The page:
Lifecasting and Moldmaking
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Lifecasting is a craft skill, used by doctors as well as sculptors and special-effects people. When your dentist makes an impression cast of your teeth, he is doing a lifecast.
We are concerned with lifecasting from an aesthetic point of view. A sculptor works toward fulfilling a vision -- completing a self-assigned project-- and whether he carves stone or casts in a mold, he is moving toward producing a physical object which shows his audience what he is thinking about. Lifecasting may be thought of as a three-dimensional form of photography. You can only cast what exists before you. Later, the artist can alter the cast image, but he starts with a lifecast.
"Man is the measure of all things," said Pythagoras, and we are all fascinated with real people. Some lifecasters follow their vision all the way to hyperrealism, with correct skin pliability, hair, glass eyes and perfect skintone. Others sand off the skin texture and polish the form, toward the beauty of a marble statue or the bright colors or slick finish of cars. Others cast in glass or metal, clay or plaster. George Segal only wanted the rough molds he made. So the mold of the human form is the one gathering-point defining the artform. Afterward, artists spread wide in how to use that mold to realize their vision.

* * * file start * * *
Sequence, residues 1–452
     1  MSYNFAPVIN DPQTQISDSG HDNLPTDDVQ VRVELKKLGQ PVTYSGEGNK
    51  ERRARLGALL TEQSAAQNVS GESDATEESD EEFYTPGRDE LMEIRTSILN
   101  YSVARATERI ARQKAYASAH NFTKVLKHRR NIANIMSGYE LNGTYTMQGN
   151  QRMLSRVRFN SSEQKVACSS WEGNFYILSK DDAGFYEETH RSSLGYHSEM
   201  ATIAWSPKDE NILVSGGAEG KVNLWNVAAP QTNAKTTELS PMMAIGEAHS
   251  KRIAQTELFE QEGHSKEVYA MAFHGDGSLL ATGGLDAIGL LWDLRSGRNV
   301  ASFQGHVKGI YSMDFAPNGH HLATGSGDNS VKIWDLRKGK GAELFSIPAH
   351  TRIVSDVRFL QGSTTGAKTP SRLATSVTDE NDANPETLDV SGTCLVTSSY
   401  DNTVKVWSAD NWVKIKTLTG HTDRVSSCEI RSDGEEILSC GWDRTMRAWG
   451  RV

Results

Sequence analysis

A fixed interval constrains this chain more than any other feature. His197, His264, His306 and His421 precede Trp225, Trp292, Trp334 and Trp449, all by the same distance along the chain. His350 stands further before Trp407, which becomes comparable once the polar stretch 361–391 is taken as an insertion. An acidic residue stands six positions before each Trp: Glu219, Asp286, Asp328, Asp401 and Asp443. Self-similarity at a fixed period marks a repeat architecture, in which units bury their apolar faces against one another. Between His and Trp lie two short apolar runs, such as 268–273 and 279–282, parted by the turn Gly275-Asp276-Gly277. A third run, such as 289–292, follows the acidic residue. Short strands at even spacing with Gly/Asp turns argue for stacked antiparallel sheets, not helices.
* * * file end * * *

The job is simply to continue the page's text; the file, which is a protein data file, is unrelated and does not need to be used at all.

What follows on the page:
Lifecasters use several moldmaking media: direct plaster (what I do), plaster gauze, alginate, or moulage. 
Each has advantages as well as problems. Plaster gauze is costly and has become hard to find. Pouring heavy plaster into it often collapses it. Alginate, the most popular technique nowadays, takes a team, is costly, and you need a plaster backup mold, adding to model's time in a pose. It requires good technique. Moulage - almost forgotten. A thichened gelatin, heated to melting and cooled to just-bearable, is smeared on the skin. Also requires a backup mold. Moulage at least is endlessly reusable.
Here is an excellent mold I haven't cast yet. Molds must be thought out so the models can be freed as soon as possible. Here, the mold was pulled out and up, away from the model. The flat plane of the table is an important feature of the mold, so that by placing the mold on another flat surface it is easy to replicate the flat bottom, which will serve as a stable base of the statue. The model Kathy just before she was cast (mold at left.) She assured me she could stay in this pose without her legs cramping.

Sometimes I leave molds unused, maybe waiting 
for a new material to try. This model was a big
girl and the mold is impressive.
Be sure to read the 
Technical Explanation
Also see the Desiree page.

Torso casting process:Casting the belly moving in and out from breathing is tricky.  Read explanation here.
3 prog views of plaster casting on slender torso
1) Sturdy frame, gauze bandage over pubic hair, shroud over ankles 2) Lacy first layer of plaster on greased skin

3) Mold complete on model, almost ready to remove. See finished piece: "Torso"

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